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« Reply #52 on: January 15, 2010, 03:29:00 AM »

The two main lynchpins that I've used to hold this belief together in my mind up to this point are: firstly, the proper use of intercessory prayer is essentially asking God-pleasers to pray to God for you; and secondly, that intercessory prayer shouldn't dominate your prayer life or replace your primary prayers; that is, they should be used to supplement your primary prayers to God. (This last piece of helpful information was provided to me by my priest.) If what Alveus and Irish Hermit describe is the true interpretation of intercessory prayer, and the "holy friends that pray for you" line is just a comforting "nonsense" phrase that out of touch academics like to use to lull protestant converts until they are "mature" enough to embrace the real meaning of intercessory prayer, then I'd still prefer to be lulled for the time being.

Well, you should just know what you're getting into ahead of time, like it or not.  Imagine if you happened to be like many neophytes that find out things that bother them after they join the Church, like the Mother of God being raised from the dead.  Information like that is not in all of the catechism material!

In my inquirer's class last year when we were discussing this issue about prayer to the saints I asked my priest point blank how this worked out in reality.  I asked if the faithful are only seeking prayers, or if they are asking for direct action on the part of the saints.  He seemingly reluctantly told me that yes, the faithful pray for the saints to act in their lives directly, not merely to petition God for them.  It wasn't the answer I was looking for, but at least I knew the reality of the situation.
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GregoryLA
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« Reply #53 on: January 15, 2010, 03:52:13 AM »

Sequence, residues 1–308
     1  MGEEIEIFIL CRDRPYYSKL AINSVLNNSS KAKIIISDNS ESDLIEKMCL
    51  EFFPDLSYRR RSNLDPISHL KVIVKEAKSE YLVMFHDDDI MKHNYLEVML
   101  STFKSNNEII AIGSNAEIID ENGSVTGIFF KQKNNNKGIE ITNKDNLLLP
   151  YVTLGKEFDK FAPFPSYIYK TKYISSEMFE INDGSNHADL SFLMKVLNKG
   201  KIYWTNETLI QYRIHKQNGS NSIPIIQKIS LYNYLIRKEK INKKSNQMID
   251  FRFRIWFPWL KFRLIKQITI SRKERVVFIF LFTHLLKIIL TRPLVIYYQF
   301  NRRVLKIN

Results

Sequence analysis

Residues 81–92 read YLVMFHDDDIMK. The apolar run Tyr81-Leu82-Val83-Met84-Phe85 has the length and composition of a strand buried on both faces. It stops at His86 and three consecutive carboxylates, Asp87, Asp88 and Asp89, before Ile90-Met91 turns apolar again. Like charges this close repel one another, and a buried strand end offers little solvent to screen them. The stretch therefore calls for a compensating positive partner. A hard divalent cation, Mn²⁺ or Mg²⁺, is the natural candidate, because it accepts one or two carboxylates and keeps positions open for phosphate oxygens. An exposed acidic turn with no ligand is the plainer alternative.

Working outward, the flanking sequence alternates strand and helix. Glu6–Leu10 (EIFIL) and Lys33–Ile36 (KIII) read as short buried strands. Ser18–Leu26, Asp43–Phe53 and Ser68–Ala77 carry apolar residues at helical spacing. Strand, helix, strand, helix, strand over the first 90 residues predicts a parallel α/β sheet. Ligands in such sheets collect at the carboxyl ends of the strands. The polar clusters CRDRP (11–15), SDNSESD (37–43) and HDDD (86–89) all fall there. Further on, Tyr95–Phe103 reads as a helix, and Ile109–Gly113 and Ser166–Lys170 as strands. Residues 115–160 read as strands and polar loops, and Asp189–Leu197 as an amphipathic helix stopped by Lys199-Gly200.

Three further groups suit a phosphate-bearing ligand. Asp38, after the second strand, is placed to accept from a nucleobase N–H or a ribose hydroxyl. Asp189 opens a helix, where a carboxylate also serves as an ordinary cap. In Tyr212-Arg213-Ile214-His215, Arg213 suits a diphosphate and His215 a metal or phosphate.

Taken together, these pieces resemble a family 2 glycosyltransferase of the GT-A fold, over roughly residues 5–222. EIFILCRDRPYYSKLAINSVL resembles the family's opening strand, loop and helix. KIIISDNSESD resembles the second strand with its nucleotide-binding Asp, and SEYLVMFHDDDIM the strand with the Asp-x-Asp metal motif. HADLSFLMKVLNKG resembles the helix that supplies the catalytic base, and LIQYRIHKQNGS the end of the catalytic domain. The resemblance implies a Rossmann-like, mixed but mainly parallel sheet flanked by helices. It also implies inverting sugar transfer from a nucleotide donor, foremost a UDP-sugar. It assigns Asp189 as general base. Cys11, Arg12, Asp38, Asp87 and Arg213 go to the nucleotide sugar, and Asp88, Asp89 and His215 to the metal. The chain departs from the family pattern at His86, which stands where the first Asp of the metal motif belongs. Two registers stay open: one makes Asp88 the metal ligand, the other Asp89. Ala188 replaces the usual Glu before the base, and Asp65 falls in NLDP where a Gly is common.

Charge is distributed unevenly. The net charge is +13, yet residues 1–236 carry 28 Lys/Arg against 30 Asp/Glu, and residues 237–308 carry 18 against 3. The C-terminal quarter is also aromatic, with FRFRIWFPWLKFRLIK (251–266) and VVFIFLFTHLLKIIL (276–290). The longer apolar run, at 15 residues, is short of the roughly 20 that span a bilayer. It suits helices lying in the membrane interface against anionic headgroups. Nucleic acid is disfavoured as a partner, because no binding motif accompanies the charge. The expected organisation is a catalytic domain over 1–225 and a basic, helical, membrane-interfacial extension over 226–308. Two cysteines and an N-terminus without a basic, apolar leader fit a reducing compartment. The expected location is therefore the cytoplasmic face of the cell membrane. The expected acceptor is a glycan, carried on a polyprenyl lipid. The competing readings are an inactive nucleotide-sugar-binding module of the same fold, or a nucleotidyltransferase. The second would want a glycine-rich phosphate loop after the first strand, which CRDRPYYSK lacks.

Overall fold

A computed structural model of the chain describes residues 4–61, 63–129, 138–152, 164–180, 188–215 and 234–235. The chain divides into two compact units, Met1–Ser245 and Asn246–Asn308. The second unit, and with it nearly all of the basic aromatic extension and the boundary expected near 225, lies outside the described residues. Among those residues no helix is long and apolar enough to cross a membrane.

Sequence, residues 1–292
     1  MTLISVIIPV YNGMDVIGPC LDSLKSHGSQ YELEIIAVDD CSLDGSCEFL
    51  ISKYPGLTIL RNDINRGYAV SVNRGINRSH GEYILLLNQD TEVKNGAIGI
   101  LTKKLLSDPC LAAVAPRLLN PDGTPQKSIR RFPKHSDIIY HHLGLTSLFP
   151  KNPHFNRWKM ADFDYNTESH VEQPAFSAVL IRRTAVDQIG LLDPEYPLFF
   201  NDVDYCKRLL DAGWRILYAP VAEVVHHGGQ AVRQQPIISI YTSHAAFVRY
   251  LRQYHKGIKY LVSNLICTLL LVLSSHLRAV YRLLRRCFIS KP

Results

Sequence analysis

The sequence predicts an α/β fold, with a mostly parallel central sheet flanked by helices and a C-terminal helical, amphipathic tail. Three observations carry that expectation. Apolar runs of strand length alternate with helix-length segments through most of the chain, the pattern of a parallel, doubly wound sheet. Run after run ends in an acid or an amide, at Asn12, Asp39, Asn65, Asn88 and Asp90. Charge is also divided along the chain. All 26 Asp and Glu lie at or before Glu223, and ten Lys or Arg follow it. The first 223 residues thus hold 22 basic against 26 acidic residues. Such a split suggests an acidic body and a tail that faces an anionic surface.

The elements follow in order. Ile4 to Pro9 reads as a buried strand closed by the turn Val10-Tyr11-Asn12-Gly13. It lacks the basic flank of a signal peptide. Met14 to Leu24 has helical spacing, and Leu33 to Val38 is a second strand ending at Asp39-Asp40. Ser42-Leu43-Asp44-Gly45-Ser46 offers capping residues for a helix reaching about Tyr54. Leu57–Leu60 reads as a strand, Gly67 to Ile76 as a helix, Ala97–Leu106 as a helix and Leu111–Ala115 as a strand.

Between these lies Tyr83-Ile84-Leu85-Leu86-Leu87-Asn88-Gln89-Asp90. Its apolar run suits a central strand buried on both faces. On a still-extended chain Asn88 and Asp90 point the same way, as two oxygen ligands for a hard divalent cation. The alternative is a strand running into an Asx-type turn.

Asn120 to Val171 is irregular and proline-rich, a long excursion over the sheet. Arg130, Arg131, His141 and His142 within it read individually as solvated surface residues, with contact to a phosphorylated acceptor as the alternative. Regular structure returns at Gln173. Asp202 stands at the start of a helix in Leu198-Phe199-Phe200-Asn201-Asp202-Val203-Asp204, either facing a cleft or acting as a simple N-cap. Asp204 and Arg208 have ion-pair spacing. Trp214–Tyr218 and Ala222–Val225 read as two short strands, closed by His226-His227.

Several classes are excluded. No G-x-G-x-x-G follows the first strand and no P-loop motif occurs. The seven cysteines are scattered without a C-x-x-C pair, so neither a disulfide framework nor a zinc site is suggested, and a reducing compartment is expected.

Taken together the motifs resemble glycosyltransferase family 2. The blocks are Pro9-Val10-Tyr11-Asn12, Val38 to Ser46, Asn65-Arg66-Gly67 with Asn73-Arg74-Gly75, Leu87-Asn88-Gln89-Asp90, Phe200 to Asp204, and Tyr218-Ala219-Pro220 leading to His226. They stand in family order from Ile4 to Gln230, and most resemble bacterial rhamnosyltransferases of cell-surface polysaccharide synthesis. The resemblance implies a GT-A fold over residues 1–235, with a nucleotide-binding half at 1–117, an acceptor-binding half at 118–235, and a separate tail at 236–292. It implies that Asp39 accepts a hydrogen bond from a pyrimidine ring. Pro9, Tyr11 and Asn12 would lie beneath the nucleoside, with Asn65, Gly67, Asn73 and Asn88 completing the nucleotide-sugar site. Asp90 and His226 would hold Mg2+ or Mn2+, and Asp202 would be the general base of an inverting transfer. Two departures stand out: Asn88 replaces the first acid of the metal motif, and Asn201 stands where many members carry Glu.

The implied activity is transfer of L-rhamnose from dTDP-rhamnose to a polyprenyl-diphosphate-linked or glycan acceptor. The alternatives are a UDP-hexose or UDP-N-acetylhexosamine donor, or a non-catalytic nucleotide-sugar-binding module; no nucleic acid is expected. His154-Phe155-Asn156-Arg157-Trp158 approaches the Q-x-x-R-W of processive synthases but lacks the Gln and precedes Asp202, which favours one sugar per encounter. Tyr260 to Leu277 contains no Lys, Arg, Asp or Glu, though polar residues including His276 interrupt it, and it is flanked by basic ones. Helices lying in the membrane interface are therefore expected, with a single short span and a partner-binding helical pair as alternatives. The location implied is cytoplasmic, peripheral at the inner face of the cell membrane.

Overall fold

The two main lynchpins that I've used to hold this belief together in my mind up to this point are: firstly, the proper use of intercessory prayer is essentially asking God-pleasers to pray to God for you; and secondly, that intercessory prayer shouldn't dominate your prayer life or replace your primary prayers; that is, they should be used to supplement your primary prayers to God. (This last piece of helpful information was provided to me by my priest.) If what Alveus and Irish Hermit describe is the true interpretation of intercessory prayer, and the "holy friends that pray for you" line is just a comforting "nonsense" phrase that out of touch academics like to use to lull protestant converts until they are "mature" enough to embrace the real meaning of intercessory prayer, then I'd still prefer to be lulled for the time being.

Well, you should just know what you're getting into ahead of time, like it or not.  Imagine if you happened to be like many neophytes that find out things that bother them after they join the Church, like the Mother of God being raised from the dead.  Information like that is not in all of the catechism material!

In my inquirer's class last year when we were discussing this issue about prayer to the saints I asked my priest point blank how this worked out in reality.  I asked if the faithful are only seeking prayers, or if they are asking for direct action on the part of the saints.  He seemingly reluctantly told me that yes, the faithful pray for the saints to act in their lives directly, not merely to petition God for them.  It wasn't the answer I was looking for, but at least I knew the reality of the situation.

Yeah, I'm really glad for having an Orthodox Church in my city (that's a rarity in Japan) and having this forum to learn from.  I feel like I'm getting a fairly clear picture of Orthodoxy "worts and all."  I too would not want to be sorely surprised by something after I convert.
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« Reply #54 on: January 15, 2010, 03:57:36 AM »

I feel like I'm getting a fairly clear picture of Orthodoxy "worts and all."  I too would not want to be sorely surprised by something after I convert.